Little was known about corn stripe (Burkholdearia andropogonis) when this project began although it was observed in 1973-1978 in various states. It has a large host range such as sorghum, Johnson grass, white clover and chickpea. There is a problem of diagnosis as it looks a lot like Stewart’s wilt and Goss’ wilt.
Stewart’s wilt (Pantoea stewarti subsp. stewarti) can be a serious disease of corn. This bacterium is a great example how microorganisms can find unique ways to survive. Rather than staying in the freezing soil, it overwinters in the gut of corn flea beetles and would die otherwise.
“King Cotton” suffered from blight before the Civil War. The disease known as bacterial blight of cotton (Xanthomonas citri subsp. malvacearum) was finally described in 1891. It has many strains that keep popping up. This diversity makes it difficult to control. The disease is far worse in rainy years and periods of high humidity.
(Brussels sprouts, kale, cauliflower, cabbage and similar leafy vegetables) This bacterium loves cabbage. For over 100+ years the disease known as black rot has challenged farmers to control it. Its scientific name is Xanthomonas campestris pv. campestris.
Do you like blotchy watermelons? A new bacterium named bacterial fruit blotch (Acidovorax avenea subsp. citrulli) was discovered in the US in 1965 and is spreading. This is another example how new diseases keep showing up. Governments need to be more responsive before such diseases spread making it too late to control.
Bacteria wilt of cucurbits (Erwinia tracheiphila) is “peculiar” in attacking only some members of the cucumber family such as squash, cucumber, and gourd. It also is clever. It shuns the freezing soil and overwinters in the digestive track of two different beetles.
Not edible if this bacterium has its way. Known as bacterial wilt of ginger (Ralslstonia solanacearum race 4) it stunts the rhizome and can cause it to rot with help from another bacterium, Erwinia sp.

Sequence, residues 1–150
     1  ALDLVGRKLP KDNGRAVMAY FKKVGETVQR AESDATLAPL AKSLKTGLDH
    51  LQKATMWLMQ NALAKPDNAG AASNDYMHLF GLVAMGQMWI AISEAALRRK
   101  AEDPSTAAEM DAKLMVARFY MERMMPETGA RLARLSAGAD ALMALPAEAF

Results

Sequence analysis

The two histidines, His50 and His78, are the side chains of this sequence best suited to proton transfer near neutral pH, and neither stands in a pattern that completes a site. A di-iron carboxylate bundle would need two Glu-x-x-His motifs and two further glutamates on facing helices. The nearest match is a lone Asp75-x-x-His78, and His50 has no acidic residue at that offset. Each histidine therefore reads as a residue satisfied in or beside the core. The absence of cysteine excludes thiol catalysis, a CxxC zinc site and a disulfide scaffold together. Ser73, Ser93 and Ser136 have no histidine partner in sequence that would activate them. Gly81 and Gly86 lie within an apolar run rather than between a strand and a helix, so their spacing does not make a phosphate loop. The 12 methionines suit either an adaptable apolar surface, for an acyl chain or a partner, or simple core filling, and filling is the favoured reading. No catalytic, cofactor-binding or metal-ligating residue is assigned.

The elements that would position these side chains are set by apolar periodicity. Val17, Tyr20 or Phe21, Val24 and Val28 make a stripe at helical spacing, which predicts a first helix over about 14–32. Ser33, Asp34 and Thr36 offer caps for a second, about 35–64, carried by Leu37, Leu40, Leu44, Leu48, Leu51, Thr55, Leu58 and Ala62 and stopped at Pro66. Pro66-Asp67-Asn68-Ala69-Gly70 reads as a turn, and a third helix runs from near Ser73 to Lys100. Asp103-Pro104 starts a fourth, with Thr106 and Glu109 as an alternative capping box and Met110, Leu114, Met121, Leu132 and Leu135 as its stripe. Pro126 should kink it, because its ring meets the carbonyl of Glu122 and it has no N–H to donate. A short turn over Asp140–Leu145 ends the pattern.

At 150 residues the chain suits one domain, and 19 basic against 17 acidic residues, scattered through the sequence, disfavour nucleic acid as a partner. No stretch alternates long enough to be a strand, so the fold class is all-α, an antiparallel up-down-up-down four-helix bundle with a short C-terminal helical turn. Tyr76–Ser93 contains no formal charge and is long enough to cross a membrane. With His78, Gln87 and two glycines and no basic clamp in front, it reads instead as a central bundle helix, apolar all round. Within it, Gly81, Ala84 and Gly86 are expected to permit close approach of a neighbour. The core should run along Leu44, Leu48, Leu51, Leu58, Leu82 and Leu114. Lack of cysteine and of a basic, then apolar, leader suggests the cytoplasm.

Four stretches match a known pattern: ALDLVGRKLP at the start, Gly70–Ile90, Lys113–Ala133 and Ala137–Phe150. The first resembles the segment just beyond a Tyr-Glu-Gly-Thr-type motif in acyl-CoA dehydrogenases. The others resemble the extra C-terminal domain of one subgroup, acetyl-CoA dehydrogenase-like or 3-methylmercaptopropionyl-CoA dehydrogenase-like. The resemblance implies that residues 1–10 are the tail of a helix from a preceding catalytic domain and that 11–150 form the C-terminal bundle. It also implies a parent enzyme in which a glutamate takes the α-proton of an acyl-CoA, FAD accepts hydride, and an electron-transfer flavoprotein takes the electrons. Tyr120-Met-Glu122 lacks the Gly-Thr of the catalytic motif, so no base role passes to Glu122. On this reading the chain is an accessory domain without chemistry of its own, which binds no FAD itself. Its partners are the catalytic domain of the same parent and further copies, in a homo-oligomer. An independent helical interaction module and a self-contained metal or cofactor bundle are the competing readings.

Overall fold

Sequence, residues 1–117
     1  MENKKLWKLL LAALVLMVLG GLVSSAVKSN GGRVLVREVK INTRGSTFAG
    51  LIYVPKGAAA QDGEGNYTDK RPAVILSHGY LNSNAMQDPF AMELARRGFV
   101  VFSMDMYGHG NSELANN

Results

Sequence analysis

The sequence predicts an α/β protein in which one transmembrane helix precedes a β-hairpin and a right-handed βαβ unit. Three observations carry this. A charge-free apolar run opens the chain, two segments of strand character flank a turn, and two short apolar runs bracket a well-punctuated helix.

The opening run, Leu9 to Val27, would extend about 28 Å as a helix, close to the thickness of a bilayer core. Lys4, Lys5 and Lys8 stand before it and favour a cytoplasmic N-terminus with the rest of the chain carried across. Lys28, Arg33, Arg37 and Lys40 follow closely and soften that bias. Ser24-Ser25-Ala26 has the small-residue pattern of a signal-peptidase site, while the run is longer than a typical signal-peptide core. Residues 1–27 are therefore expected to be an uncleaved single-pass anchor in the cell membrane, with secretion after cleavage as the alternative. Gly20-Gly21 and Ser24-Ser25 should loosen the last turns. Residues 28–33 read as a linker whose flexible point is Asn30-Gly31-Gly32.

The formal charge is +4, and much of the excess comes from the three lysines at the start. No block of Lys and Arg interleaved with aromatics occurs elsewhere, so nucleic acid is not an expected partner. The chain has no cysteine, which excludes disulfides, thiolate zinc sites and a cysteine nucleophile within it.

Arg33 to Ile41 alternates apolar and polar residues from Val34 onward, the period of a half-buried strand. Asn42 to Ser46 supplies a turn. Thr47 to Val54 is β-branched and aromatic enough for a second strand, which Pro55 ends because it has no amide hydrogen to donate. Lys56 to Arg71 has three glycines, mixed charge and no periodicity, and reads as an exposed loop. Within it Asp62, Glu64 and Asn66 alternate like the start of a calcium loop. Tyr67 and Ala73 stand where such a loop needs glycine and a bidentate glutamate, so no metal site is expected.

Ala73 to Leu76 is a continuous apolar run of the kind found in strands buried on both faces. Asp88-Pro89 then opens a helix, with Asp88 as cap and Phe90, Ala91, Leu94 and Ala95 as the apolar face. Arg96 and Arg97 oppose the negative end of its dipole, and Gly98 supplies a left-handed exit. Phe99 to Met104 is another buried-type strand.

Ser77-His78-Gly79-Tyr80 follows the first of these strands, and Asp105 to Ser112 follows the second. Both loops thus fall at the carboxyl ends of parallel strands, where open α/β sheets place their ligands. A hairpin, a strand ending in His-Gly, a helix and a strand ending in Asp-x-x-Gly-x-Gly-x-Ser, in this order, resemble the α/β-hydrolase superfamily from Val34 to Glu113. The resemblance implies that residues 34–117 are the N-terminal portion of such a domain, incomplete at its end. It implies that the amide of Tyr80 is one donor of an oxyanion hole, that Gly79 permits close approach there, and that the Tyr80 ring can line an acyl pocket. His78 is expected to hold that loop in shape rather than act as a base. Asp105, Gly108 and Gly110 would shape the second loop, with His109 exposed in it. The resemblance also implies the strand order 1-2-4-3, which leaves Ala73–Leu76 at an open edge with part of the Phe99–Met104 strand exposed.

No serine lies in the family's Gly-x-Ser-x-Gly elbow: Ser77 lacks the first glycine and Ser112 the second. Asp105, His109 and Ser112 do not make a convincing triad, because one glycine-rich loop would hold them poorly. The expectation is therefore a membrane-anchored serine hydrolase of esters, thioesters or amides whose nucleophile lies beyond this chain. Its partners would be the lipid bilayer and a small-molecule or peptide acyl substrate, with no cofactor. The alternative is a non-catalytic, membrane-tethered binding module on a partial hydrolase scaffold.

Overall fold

Keep it out! Keep it out! Bacterial blight of grapevine (Xylophilus ampelinus) is found in Europe, Africa and Australia and is easily spread by tools. It is controlled by sanitation methods.
The olive knot bacterium (Pseudomonas savastanoi pv. savastanoi) produces a growth hormone, indole-3-acetic acid, that causes knots on all parts of the tree. The bacterium spreads by rain and contaminated propagation twigs. There is no evidence that this bacterium kills trees as reported. By far the most dangerous olive pathogen in the world are strains of Xylella fastidiosa that are killing thousands of olive trees in Italy and other parts of Europe with the help of an insect vector (spittle bug). This disease has different strains and has not caused the havoc in the US as in Europe. In fact, Pierces disease of grape in the US is caused by X. fastidiosa.
St Croix (U .S. Virgin Islands) field station had a serious papaya disease as did many other countries. M. Schroth asked to visit and was denied on the basis “they were tired of experts coming and not finding an answer”. Apparently, no plant bacteriologist was ever invited. With support from the USDA, Schroth visited the station in 1980 and swabbed some ooze from sick trees on a Petri dish medium. Three days later there were pure cultures of a bacterium. The common name is bacterial canker. Scientific name is Erwinia papayae.
Health experts say pineapple juice is good for the heart, but ironically this fruit also suffers from a disease called bacterial heart rot (Dickeya sp).